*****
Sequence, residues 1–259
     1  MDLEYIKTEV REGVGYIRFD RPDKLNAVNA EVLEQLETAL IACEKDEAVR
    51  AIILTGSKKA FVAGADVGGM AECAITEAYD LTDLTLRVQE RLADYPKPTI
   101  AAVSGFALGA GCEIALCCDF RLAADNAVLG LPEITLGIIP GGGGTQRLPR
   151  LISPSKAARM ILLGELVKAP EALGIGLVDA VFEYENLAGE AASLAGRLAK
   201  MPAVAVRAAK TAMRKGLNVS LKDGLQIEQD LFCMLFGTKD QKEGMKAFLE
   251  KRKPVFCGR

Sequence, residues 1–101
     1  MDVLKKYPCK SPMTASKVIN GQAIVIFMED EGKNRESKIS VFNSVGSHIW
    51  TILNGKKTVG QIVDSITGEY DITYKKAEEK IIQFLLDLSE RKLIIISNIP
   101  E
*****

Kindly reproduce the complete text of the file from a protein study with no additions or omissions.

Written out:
Sequence, residues 1–259
     1  MDLEYIKTEV REGVGYIRFD RPDKLNAVNA EVLEQLETAL IACEKDEAVR
    51  AIILTGSKKA FVAGADVGGM AECAITEAYD LTDLTLRVQE RLADYPKPTI
   101  AAVSGFALGA GCEIALCCDF RLAADNAVLG LPEITLGIIP GGGGTQRLPR
   151  LISPSKAARM ILLGELVKAP EALGIGLVDA VFEYENLAGE AASLAGRLAK
   201  MPAVAVRAAK TAMRKGLNVS LKDGLQIEQD LFCMLFGTKD QKEGMKAFLE
   251  KRKPVFCGR

Sequence, residues 1–101
     1  MDVLKKYPCK SPMTASKVIN GQAIVIFMED EGKNRESKIS VFNSVGSHIW
    51  TILNGKKTVG QIVDSITGEY DITYKKAEEK IIQFLLDLSE RKLIIISNIP
   101  E